Menu
Omron ping pong robot won't unseat humanity

Omron ping pong robot won't unseat humanity

A table tennis playing machine can easily be beaten. For now.

Omron's table tennis-playing robot takes on a human opponent. The machine uses computer vision and predictive algorithms to sustain rallies, but sometimes misses when spin is put on the ball.

Omron's table tennis-playing robot takes on a human opponent. The machine uses computer vision and predictive algorithms to sustain rallies, but sometimes misses when spin is put on the ball.

Healthcare electronics maker Omron is showing off its sensing know-how with a huge ping pong-playing robot, but the robot is still easy to beat -- for now.

The 2.7-meter-tall, three-legged beast looked like something out of "The War of the Worlds" as it was taking on human opponents at the Ceatec tech expo outside Tokyo. When it came to actual tennis table chops, however, it was sometimes all thumbs.

Equipped with stereoscopic cameras and computer-vision algorithms to track the position and speed of human players as well as the ball, the machine is designed to be able to play sustained rallies with its ability to predict where the ball will go.

Powered by five servomotors, it grips the paddle with a four-axis manipulator commonly seen in pick-and-place industrial robots. A controller system can respond to serves in 1/1,000th of a second.

"It's been able to return the ball in rallies that have gone back and forth over 100 times," said lead researcher Takuya Tsuyuguchi of Omron's Technology Development Center.

While that was the case with Omron engineers who helped develop and test the machine, which weighs some 600 kg, the average Ceatec attendee seemed to only manage a few strokes that the robot could return.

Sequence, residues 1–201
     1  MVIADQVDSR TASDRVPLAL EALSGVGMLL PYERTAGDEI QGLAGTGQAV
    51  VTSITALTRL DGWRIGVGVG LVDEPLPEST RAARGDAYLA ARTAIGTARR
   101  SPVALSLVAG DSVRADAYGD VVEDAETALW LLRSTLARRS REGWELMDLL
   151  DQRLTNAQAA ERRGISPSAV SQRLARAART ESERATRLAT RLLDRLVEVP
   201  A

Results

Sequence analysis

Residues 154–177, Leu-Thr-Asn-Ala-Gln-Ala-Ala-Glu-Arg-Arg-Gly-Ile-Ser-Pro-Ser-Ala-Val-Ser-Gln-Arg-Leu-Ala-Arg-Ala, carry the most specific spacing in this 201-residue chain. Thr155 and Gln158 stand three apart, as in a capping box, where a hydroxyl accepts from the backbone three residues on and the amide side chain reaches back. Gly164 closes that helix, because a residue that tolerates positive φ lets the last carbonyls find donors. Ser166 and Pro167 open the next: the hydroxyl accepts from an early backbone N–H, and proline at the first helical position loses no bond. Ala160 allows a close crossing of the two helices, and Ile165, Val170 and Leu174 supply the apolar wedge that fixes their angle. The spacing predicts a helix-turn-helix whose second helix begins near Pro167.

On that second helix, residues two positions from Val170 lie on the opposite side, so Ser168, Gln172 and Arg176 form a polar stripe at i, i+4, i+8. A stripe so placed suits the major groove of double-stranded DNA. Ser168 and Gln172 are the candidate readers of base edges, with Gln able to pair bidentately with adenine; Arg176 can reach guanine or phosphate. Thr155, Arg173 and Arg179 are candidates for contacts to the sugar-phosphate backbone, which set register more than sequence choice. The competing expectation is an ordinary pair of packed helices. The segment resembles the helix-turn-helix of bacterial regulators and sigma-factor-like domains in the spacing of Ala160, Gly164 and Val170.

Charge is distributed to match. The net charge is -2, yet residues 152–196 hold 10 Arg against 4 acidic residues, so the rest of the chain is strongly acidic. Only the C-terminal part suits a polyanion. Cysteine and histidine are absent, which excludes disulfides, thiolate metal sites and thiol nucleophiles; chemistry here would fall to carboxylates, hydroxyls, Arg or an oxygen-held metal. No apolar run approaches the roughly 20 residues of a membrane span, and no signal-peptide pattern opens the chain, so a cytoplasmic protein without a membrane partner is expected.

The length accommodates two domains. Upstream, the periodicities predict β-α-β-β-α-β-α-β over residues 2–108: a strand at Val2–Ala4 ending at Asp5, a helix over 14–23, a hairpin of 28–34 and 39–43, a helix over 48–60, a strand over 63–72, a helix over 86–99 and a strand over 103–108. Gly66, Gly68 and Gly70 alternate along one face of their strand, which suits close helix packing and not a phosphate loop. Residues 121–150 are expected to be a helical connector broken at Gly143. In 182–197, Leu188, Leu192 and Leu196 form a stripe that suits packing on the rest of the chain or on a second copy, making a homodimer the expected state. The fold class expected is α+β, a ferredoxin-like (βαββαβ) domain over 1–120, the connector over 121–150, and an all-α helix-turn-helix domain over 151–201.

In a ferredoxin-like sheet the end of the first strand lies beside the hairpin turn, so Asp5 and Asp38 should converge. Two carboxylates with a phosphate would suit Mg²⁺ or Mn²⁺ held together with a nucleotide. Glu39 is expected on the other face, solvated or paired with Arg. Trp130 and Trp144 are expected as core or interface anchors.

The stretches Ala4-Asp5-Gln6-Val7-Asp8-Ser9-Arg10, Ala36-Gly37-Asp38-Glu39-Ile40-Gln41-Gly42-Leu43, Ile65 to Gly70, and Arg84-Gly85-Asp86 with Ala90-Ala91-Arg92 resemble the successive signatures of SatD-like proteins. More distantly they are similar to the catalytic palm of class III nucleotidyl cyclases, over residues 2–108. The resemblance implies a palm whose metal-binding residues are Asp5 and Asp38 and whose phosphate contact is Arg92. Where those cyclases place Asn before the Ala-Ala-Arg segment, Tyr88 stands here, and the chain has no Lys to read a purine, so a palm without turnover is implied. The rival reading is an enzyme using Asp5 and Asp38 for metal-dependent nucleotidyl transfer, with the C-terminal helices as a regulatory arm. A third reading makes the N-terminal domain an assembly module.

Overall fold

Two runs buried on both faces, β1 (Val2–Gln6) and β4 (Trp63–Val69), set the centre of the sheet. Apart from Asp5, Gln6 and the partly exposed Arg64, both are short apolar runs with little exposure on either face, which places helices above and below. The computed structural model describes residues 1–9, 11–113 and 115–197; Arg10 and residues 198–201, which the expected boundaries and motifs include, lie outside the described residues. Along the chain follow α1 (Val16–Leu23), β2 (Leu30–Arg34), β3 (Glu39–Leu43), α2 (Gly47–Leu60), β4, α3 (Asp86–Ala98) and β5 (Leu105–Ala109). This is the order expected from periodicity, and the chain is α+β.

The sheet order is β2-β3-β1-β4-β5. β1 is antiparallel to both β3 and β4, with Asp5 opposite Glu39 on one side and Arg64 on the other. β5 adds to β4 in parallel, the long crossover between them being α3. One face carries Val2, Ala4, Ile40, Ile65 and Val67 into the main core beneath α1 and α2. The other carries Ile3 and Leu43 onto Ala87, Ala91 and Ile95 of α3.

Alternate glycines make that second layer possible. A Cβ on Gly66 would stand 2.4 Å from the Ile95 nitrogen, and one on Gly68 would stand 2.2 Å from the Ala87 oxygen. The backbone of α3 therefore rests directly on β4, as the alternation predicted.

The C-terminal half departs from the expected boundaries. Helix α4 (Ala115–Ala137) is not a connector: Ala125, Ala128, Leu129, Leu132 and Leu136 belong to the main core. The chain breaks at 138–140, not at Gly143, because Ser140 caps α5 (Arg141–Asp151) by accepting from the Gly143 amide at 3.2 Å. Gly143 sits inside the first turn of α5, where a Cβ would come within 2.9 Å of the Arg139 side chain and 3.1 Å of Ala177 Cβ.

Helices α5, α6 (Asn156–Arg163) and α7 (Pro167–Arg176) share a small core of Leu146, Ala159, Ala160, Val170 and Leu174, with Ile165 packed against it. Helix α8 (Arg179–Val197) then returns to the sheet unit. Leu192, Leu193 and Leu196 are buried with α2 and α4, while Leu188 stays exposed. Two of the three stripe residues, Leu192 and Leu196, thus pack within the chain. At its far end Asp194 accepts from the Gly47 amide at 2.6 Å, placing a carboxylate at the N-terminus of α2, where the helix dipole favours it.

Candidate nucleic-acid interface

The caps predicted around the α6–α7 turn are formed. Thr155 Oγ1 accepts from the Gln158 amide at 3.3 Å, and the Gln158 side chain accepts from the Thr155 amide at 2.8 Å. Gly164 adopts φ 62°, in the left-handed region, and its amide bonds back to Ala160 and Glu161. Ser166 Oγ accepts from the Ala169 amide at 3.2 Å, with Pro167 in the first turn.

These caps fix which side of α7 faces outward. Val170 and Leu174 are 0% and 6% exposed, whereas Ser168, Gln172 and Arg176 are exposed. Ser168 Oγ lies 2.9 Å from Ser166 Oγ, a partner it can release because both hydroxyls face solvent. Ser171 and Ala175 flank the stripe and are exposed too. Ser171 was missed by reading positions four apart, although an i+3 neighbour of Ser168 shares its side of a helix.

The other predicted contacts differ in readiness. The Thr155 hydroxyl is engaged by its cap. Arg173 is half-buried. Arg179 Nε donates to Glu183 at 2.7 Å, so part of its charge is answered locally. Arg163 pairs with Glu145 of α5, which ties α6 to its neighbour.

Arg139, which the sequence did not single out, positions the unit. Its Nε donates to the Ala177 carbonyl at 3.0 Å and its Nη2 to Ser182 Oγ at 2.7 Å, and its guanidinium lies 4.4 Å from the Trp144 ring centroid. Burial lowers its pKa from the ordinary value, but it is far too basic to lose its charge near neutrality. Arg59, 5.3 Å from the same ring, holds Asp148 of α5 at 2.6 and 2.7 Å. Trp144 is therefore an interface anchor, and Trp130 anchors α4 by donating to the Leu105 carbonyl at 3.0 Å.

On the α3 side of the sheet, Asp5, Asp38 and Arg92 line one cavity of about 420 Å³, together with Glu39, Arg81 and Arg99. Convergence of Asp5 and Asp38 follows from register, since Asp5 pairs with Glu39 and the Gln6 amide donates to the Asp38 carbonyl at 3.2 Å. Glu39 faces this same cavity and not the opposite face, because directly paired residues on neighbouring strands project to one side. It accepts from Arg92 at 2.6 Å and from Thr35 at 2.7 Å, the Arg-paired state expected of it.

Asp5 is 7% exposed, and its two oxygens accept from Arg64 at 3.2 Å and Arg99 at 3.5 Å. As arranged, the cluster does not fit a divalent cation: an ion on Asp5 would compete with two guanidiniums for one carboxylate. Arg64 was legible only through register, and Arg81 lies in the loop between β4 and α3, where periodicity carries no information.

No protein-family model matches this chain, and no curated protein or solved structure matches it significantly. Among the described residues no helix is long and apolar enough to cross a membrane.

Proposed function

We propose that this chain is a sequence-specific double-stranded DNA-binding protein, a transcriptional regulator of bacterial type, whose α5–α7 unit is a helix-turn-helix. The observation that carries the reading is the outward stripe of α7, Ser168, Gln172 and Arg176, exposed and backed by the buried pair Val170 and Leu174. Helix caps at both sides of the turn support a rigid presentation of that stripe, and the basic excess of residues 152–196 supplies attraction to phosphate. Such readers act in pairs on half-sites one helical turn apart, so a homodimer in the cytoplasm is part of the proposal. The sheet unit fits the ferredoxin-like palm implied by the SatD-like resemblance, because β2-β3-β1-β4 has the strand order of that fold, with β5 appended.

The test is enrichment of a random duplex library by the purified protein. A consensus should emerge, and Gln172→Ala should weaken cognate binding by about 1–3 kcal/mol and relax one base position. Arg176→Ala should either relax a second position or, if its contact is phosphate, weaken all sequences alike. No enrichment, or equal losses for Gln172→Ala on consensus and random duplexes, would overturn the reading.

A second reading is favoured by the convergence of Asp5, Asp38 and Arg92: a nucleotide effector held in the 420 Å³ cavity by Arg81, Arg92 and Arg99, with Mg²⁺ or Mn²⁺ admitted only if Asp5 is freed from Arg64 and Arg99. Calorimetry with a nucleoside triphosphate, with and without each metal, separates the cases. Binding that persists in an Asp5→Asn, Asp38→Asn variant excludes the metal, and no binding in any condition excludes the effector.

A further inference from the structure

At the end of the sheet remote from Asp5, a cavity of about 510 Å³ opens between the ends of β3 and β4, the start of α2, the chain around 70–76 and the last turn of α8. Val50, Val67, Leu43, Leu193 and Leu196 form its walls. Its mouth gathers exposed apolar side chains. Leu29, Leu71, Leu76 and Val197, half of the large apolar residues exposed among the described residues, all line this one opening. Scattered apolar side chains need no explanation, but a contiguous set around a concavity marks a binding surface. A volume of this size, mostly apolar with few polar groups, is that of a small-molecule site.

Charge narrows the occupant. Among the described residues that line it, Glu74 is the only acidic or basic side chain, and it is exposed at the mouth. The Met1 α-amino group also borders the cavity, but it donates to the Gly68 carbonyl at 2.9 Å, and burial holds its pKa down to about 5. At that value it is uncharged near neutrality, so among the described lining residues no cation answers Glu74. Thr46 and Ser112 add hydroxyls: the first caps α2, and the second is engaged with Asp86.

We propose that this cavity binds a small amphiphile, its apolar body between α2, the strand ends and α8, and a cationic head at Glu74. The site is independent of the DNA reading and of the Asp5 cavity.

Add a little power or spin to a return, and the tripod robot would miss. When it did return a serve, it would direct the ball to the easiest spot for a player to return it. Intimidating smashes are not in its program.

"This technology can be used in manufacturing processes where humans and machines can work together to make things," Tsuyuguchi said, adding that he hopes to improve the robot's accuracy.

Earlier this year, industrial robot maker Kuka showed off a lightning-quick industrial robot arm that seemed to defeat table tennis star Timo Boll in a YouTube video.

Follow Us

Join the New Zealand Reseller News newsletter!

Error: Please check your email address.

Tags roboticsOmron

Slideshows

Top 50 defining moments of the New Zealand channel in 2016

Top 50 defining moments of the New Zealand channel in 2016

Reseller News looks back on a tumultuous 12 months for the New Zealand channel, assessing the fallout from a year of sizeable industry change. Whether it be local or global mergers and acquisitions, distribution deals or job changes, the channel that started the year differs somewhat to the one set to finish it - Reseller News assesses the key moments that made 2016.​

Top 50 defining moments of the New Zealand channel in 2016
​Hewlett Packard Enterprise honours high achieving NZ channel

​Hewlett Packard Enterprise honours high achieving NZ channel

Hewlett Packard Enterprise honoured its top performing Kiwi partners at the second running of its HPE Partner Awards in New Zealand, held at a glitzy ceremony in Auckland. Recognising excellence across eight categories - from distributors to resellers - the tech giant celebrated its first year as a standalone company, following its official split from HP in 2015.

​Hewlett Packard Enterprise honours high achieving NZ channel
Nutanix treats channel partners to Christmas cruise

Nutanix treats channel partners to Christmas cruise

Nutanix recently took to the seas for a Christmas Cruise around Sydney Harbour with its Australia and New Zealand staff, customers and partners to celebrate a stellar year for the vendor. With the sun out, they were all smiles and mingled over drinks and food.

Nutanix treats channel partners to Christmas cruise
Show Comments